That said, many states do not require LLCs to create Operating Agreements. In fact, most do not. But that doesn't mean you shouldn't create one. As we mention in our "Why Your Limited Liability Company Needs an LLC Operating Agreement" article, these agreements allow you to customize your business structure, avoid generic state rules, and guard your limited liability.
Keep in mind that no state requires an LLC to file their bylaws or operating agreement with the Secretary of State. Instead, simply keep them with you records.
Now, here are the states that require you to create an agreement, with notes about each.
California LLCs are required to have an Operating Agreement. This agreement can be oral or written. If it's written, the agreements—and all amendments to it—must be kept with the company's records.
Limited Liability Companies in New York must have a written Operating Agreement. This document should include provisions relating to the business of the LLC, the conduct of its affairs, and the rights, preferences, limitations, or responsibilities of its members.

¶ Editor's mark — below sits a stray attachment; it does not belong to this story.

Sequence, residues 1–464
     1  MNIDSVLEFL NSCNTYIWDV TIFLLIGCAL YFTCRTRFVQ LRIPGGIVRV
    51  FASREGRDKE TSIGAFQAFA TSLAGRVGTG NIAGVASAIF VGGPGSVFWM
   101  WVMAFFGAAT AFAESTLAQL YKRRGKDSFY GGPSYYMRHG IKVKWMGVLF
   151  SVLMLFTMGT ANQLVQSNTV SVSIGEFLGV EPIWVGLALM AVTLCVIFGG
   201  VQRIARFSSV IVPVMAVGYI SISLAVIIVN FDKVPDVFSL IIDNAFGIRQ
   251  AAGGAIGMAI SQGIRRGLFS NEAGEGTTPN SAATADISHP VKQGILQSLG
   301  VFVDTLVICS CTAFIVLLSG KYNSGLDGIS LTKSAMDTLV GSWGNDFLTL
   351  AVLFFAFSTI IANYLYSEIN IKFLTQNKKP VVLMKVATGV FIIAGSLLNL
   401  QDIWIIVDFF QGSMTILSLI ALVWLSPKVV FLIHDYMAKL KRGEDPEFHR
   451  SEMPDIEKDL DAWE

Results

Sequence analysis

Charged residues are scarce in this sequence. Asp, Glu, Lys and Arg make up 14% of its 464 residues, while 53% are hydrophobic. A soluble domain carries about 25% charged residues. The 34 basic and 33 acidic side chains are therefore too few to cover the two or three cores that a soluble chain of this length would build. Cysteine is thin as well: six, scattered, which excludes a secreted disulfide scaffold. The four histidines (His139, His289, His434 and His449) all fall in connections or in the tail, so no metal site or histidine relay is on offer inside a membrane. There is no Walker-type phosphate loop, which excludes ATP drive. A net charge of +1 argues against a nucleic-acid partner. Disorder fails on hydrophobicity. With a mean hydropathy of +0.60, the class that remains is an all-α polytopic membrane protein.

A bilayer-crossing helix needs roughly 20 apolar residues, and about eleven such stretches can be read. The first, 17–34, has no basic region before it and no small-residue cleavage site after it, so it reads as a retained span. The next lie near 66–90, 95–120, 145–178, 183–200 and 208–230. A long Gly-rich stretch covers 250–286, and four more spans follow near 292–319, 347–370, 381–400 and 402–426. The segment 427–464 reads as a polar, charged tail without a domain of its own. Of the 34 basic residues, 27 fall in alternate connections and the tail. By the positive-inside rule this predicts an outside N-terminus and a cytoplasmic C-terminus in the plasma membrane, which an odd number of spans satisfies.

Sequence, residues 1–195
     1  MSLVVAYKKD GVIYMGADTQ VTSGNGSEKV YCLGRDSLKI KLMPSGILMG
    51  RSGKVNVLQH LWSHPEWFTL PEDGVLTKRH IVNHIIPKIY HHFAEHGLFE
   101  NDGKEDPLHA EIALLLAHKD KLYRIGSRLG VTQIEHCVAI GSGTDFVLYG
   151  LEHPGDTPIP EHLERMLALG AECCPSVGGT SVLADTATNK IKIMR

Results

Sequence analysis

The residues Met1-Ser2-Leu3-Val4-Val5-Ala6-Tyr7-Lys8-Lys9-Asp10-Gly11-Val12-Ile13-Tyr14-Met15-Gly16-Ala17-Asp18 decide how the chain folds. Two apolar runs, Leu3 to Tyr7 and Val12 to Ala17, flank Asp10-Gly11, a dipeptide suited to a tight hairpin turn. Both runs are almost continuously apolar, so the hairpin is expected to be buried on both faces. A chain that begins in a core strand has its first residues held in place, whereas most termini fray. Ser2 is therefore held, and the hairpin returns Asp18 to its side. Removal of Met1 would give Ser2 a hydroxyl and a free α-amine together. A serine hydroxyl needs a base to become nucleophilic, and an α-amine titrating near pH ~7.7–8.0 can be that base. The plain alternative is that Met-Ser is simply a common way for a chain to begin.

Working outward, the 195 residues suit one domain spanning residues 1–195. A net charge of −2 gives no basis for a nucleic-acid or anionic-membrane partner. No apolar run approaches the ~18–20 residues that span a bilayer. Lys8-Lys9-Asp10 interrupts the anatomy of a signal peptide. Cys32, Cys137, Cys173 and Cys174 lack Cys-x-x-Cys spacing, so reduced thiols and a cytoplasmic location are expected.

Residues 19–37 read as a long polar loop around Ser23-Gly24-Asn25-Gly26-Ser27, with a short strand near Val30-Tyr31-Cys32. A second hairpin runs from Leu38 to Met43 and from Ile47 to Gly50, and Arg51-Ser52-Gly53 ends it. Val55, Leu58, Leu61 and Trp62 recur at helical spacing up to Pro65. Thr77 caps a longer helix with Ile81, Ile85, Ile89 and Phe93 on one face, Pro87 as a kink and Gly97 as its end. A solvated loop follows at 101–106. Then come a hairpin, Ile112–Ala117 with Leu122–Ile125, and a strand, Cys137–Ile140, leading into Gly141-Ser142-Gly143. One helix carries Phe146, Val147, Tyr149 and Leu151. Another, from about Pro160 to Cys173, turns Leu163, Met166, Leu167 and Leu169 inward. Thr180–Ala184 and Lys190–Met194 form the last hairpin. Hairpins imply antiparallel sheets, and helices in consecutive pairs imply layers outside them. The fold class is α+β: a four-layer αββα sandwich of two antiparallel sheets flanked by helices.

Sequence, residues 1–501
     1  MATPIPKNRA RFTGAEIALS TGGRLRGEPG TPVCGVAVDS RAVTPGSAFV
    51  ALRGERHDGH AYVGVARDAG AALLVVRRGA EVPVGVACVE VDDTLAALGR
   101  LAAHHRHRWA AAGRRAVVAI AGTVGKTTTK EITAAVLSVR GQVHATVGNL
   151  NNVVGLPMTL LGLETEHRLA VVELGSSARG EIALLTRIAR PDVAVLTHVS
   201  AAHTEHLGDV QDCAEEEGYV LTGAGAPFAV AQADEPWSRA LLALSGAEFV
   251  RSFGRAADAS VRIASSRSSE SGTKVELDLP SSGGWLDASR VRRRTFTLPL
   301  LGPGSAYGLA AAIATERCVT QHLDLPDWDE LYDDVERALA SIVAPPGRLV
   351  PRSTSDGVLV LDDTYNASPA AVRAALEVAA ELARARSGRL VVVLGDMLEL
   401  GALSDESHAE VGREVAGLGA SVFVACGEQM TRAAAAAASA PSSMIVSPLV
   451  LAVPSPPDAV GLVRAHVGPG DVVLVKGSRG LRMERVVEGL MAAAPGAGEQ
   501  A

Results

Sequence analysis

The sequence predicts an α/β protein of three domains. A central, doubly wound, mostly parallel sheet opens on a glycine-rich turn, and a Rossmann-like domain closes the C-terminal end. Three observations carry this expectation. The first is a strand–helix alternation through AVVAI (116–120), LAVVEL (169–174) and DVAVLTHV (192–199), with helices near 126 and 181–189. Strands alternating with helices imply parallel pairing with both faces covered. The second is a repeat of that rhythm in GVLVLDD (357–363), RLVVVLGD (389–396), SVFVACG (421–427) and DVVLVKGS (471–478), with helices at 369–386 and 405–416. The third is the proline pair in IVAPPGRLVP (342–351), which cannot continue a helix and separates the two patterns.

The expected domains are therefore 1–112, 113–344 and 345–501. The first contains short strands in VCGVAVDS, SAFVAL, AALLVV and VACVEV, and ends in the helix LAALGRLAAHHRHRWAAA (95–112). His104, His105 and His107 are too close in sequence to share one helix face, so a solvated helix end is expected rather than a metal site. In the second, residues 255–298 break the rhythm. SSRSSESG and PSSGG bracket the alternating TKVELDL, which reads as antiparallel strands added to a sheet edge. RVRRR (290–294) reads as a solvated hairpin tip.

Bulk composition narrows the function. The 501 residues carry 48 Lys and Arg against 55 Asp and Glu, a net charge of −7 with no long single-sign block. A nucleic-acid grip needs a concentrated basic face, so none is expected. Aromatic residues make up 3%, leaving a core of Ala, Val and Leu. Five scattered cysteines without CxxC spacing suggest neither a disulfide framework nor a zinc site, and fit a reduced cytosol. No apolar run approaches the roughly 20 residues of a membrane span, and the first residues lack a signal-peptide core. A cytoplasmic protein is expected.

Similar to California, Missouri LLCs must create an Operating Agreement, but it can be written or oral. It should cover the conduct of the business, the affairs of the LLC, and the rights, powers, and duties of its members, managers, agents, or employees.
In Maine, an Operating Agreement must be entered into before, after, or during the time of filing for an LLC. This agreement can be written, oral, or even implied. In other words, it's a fairly lenient law, but it is still a requirement in Maine. Put it in writing to avoid problems down the line.
Similar to Maine, Delaware requires an Operating Agreement at some time before, during, or after filing LLC formation paperwork. This agreement can be implied, written, or oral.
If you're forming—or have formed—an LLC in California, New York, Missouri, Maine, or Delaware, state laws require you to create an LLC Operating Agreement. But no matter what state you're in, it's always a good idea to create a formal agreement between LLC members. It will allow you to avoid disagreements down the road, map out exactly who is responsible for what, distribute debt and profits the way your company sees fit, and protect your all-important limited liability status.
In other words, while only 10% of state require an agreement, creating one can save you tons of hassle in the future. You don't even need to file the agreement. Just keep it with your records. Put your company's rules and roles on paper and protect your assets today.
This article contains general legal information and does not contain legal advice. Rocket Lawyer is not a law firm or a substitute for an attorney or law firm. The law is complex and changes often. For legal advice, please ask a lawyer.